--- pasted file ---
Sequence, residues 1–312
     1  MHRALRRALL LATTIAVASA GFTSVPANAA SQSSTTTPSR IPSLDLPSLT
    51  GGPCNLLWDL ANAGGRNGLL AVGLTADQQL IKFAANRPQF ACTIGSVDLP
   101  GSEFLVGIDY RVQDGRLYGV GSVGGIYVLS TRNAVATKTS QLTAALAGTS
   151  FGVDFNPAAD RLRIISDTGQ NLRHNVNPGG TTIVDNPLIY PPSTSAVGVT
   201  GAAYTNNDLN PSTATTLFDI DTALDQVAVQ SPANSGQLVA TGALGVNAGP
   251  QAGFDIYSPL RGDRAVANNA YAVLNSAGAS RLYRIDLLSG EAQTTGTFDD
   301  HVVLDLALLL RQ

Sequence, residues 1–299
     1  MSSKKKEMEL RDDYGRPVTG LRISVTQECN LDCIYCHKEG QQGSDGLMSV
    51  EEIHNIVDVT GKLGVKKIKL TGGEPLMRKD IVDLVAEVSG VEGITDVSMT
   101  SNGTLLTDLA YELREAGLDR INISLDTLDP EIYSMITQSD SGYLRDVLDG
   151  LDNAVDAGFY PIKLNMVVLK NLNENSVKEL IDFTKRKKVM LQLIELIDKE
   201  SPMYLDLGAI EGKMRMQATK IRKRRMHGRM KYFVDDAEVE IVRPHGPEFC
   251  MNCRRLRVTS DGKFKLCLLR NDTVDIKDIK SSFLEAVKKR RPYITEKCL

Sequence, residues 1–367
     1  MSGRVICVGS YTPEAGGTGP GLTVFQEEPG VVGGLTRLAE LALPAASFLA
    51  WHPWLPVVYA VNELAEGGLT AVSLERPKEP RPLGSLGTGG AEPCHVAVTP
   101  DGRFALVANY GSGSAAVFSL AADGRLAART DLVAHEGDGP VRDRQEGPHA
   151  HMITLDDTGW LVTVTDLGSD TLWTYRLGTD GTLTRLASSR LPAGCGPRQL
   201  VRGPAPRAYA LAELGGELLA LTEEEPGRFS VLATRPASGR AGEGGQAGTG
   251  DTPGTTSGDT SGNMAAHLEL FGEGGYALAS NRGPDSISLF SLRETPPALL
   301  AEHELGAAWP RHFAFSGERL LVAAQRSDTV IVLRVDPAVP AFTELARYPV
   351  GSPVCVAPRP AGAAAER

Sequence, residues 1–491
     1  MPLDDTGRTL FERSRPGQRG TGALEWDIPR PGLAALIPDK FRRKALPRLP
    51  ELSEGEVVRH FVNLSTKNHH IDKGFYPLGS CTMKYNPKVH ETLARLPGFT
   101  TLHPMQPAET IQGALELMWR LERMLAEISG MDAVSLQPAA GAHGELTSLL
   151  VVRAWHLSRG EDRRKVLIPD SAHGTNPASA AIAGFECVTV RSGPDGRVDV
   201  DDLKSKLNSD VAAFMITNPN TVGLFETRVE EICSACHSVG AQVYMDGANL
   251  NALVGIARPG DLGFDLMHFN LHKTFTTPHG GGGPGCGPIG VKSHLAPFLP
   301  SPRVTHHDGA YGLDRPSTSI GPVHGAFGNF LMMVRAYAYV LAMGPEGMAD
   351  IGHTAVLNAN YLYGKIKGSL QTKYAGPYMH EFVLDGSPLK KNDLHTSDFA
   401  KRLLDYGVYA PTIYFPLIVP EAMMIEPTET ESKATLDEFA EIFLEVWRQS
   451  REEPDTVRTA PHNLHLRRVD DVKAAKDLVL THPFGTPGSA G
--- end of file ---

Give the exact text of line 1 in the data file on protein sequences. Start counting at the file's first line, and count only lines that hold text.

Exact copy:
Sequence, residues 1–312